Last week I was late posting this because the dog ate my homework. Actually, it was stuck on my iPad, and I had to retype because I knew it was killer content. I posted at 11 a.m. ET on Wednesday; always murder when hawking on Twitter because most are back in the throes of work.
What I quickly realized, as the post earned few comments or retweets, is the subject matter—highly specialized for professionals in public relations. To highlight, I wrote about GoPro, the media darling upstart wearable video camera company loved by extreme sports enthusiasts. My content was oriented to media relations for PR professionals interested in the elements they need for national media relations.
To promote this niche content pertaining to my profession, I had to pimp (aka push, promote, market) my post, and here’s how I did it:
>>Twitter. I scheduled about four tweets throughout the day, and invited a few close peeps to review. While they read for me and re-tweeted, comments were few. (As Erica Allison reminded me, don’t ever gauge the strength of a post on its comments, especially one oriented to a specialized topic.)
>>Triberr. I am a member of three tribes, and I’m always grateful when my tribe members retweet my blog posts. My post was tweeted by about 10 peeps to their networks. I’ve come to rely on the tribes to extend my content for me, and it all works together in correlation. Triberr is not a one-off social media strategy…it’s part and parcel of the overall strategy.
>>Buffer. I signed up for Buffer for the first time (after seeing many using it). Buffer scheduled my tweet at the most opportune time of the day when most are active in the stream. Very cool app…try this out.
>>Facebook Profile. My tweets to share the post were also sent over to Facebook at the same time. HootSuite is a wonderful platform with which to push content on multiple channels simultaneously.
>>Facebook Fan Page. I admit, my firm’s Facebook page is not frequently attended. I registered my blog with Networked Blogs which automatically posts my articles on my Facebook company page; however, this blog post warranted more of a push to folks in my community. I garnered a few likes from a few doing this.
>>Facebook Fan Page of GoPro. What did I have to lose? With 1.5 million likes in its community on Facebook, I shared my blog post on the GoPro wall. I congratulated them on all their publicity (in Inc. magazine) and shared my post. The result was a handful of likes on my post from the GoPro community.
>>Google+. As we’re all being required to engage more frequently with Google+ to influence search, you bet I shared my post there. I timed it for the morning before noon ET and then again in the afternoon. One was broadcast to all circles, and the other was in my PR and social media circles.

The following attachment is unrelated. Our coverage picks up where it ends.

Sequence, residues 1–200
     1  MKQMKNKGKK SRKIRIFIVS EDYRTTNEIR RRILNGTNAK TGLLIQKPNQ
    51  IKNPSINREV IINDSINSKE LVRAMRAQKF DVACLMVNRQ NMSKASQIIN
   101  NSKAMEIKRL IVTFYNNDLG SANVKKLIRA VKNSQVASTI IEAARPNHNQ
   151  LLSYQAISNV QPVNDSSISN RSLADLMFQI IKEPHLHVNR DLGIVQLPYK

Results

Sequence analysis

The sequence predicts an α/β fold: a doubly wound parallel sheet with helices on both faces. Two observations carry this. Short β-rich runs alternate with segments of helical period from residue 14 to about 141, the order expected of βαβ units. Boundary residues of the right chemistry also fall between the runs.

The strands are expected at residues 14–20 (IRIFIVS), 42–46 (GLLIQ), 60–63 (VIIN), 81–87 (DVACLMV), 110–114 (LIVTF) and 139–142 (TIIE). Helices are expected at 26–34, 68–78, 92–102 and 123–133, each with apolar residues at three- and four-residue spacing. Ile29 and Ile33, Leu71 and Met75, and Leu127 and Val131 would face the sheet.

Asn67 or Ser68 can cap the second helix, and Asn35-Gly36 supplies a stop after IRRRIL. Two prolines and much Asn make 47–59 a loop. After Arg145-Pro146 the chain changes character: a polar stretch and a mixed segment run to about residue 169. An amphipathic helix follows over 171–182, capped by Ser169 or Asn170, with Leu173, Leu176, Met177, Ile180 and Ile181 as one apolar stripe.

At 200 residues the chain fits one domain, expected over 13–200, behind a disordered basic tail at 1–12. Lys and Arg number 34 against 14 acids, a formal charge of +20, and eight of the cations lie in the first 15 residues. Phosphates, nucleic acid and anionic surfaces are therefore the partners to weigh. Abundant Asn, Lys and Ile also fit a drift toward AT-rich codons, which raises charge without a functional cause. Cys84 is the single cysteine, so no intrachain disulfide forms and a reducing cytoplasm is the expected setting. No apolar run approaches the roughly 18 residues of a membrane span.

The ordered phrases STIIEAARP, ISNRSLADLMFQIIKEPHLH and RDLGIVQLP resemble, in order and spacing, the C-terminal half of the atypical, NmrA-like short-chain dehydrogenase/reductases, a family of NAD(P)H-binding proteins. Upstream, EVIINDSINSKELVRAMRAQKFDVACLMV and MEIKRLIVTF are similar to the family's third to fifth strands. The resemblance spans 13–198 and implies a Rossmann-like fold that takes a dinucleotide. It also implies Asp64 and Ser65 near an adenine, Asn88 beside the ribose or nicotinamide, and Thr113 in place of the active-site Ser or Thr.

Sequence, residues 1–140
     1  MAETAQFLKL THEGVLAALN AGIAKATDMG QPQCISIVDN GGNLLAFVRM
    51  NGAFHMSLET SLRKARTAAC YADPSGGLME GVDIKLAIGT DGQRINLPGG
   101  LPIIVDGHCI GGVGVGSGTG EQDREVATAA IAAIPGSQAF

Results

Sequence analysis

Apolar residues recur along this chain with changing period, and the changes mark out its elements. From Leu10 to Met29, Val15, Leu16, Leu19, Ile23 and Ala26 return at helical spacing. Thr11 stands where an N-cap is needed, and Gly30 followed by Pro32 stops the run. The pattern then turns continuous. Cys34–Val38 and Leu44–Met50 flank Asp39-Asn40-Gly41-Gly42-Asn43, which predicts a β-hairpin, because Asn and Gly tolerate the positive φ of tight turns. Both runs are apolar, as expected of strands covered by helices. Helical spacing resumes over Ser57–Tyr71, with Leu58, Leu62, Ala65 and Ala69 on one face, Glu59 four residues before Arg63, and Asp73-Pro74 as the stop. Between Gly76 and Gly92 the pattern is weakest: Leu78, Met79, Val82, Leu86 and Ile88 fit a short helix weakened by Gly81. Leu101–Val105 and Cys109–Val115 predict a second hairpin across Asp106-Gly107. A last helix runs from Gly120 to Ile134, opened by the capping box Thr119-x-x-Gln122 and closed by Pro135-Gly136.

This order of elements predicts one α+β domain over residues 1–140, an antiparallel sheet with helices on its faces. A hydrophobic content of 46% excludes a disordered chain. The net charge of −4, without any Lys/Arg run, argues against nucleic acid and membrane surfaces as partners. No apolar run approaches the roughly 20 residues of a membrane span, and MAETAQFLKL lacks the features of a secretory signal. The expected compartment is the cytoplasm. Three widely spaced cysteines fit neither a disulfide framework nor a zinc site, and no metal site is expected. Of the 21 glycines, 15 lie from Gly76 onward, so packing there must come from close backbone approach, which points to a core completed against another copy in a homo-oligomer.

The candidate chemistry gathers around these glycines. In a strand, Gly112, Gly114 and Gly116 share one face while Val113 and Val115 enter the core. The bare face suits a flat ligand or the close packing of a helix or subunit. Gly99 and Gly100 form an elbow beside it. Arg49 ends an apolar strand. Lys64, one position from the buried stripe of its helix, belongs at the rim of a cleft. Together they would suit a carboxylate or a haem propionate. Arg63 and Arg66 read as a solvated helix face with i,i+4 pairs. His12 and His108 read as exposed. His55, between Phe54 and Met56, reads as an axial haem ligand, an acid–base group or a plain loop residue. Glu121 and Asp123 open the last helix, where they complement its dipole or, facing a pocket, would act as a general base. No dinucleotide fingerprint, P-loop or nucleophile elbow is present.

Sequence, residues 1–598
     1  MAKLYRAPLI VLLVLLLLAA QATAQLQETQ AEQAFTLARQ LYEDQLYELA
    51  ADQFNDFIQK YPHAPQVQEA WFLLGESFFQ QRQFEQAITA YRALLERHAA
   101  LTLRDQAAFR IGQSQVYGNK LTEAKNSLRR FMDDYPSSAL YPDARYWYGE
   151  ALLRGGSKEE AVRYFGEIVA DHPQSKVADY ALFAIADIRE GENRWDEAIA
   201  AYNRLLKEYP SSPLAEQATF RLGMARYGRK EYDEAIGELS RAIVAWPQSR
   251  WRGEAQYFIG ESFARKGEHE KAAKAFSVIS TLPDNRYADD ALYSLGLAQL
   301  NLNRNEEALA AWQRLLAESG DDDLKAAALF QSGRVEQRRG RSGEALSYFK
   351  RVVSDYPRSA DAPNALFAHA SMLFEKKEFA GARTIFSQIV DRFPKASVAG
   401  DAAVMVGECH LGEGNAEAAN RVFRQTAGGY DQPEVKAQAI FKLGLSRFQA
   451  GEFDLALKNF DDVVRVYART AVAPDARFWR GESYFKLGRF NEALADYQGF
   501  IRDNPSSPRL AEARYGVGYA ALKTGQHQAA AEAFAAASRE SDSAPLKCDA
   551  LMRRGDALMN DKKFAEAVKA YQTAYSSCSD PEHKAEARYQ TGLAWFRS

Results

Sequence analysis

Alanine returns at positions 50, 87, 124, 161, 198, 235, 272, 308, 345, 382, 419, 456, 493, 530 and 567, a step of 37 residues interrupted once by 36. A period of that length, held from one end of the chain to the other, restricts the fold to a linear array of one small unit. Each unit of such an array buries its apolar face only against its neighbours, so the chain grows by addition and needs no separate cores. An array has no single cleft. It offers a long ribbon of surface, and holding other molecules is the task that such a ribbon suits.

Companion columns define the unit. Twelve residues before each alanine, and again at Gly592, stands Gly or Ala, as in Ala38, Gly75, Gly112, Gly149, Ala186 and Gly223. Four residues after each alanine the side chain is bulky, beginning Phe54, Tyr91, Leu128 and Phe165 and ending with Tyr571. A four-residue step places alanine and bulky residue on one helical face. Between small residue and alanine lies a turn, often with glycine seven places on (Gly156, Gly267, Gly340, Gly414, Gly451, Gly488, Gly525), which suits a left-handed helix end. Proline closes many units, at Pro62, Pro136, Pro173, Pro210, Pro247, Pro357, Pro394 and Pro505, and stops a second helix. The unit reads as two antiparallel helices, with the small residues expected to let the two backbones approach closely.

>>LinkedIn. I’ve not been engaging on LinkedIn as efficiently as I should. I posted my article on my own profile, and then I looked at the groups I was part of. There were two public relations groups I knew would be interested in this content, so I posted. I also joined another group, Social Media Marketers, and shared there because the story of GoPro as a social brand is compelling to anyone playing in social media marketing.
>>Blog Comments. That day, as I didn’t need to manage my own community as much, I sought other blogs to read and place comments. Those blogs with a commenting system that showed my current blog post brought in new readers to my site. (This is one good reason why you comment on others’ blogs…to help other communities become acquainted with you and yours.)
Clicky. What an amazing analytics tool. I love this dashboard, and I’m fully aware Google Analytics has spiffed up its user friendliness. For someone as anti-analytics as I am, Clicky is a good starter dashboard to get me acclimated to reading stats.
In so doing, I saw that today, hits are up 214% on the GoPro blog post. When I went back seven days to see traffic, I noticed that every single tactic I made above garnered hits to the post. People were stopping in the day of the post, the day after and through the weekend. Clicky showed me how long people stayed, what blog post they arrived at, and whether they opened on a link.
As I said, I’m terrible peeking under the covers to see what the back end is doing on my blog. When I do, I’m always amazed at the extent of data available to help drive my content choices. While I’m never going to let analytics drive my writings, I realize now that having some knowledge at the core of this experience is never a bad thing.
What tales from the rear can you add to this mix? Heh.